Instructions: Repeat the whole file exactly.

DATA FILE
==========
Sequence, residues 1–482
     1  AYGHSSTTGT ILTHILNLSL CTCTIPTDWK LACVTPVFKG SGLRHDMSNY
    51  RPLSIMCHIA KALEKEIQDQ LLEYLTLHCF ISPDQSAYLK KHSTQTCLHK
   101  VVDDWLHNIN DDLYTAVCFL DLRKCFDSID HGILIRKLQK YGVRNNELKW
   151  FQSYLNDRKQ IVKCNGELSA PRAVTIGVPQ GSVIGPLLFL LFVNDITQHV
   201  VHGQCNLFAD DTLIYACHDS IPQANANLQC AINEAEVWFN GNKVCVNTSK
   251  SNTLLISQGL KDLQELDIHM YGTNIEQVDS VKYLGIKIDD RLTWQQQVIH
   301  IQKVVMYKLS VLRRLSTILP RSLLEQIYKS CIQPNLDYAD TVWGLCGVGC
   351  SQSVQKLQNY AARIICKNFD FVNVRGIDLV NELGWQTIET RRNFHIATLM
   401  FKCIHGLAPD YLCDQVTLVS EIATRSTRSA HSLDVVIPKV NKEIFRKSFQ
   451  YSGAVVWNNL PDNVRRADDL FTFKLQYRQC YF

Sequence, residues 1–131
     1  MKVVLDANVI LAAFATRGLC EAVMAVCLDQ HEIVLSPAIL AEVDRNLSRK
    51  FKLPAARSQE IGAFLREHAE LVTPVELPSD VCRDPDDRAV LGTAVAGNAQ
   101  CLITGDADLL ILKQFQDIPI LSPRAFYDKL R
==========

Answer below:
Sequence, residues 1–482
     1  AYGHSSTTGT ILTHILNLSL CTCTIPTDWK LACVTPVFKG SGLRHDMSNY
    51  RPLSIMCHIA KALEKEIQDQ LLEYLTLHCF ISPDQSAYLK KHSTQTCLHK
   101  VVDDWLHNIN DDLYTAVCFL DLRKCFDSID HGILIRKLQK YGVRNNELKW
   151  FQSYLNDRKQ IVKCNGELSA PRAVTIGVPQ GSVIGPLLFL LFVNDITQHV
   201  VHGQCNLFAD DTLIYACHDS IPQANANLQC AINEAEVWFN GNKVCVNTSK
   251  SNTLLISQGL KDLQELDIHM YGTNIEQVDS VKYLGIKIDD RLTWQQQVIH
   301  IQKVVMYKLS VLRRLSTILP RSLLEQIYKS CIQPNLDYAD TVWGLCGVGC
   351  SQSVQKLQNY AARIICKNFD FVNVRGIDLV NELGWQTIET RRNFHIATLM
   401  FKCIHGLAPD YLCDQVTLVS EIATRSTRSA HSLDVVIPKV NKEIFRKSFQ
   451  YSGAVVWNNL PDNVRRADDL FTFKLQYRQC YF

Sequence, residues 1–131
     1  MKVVLDANVI LAAFATRGLC EAVMAVCLDQ HEIVLSPAIL AEVDRNLSRK
    51  FKLPAARSQE IGAFLREHAE LVTPVELPSD VCRDPDDRAV LGTAVAGNAQ
   101  CLITGDADLL ILKQFQDIPI LSPRAFYDKL R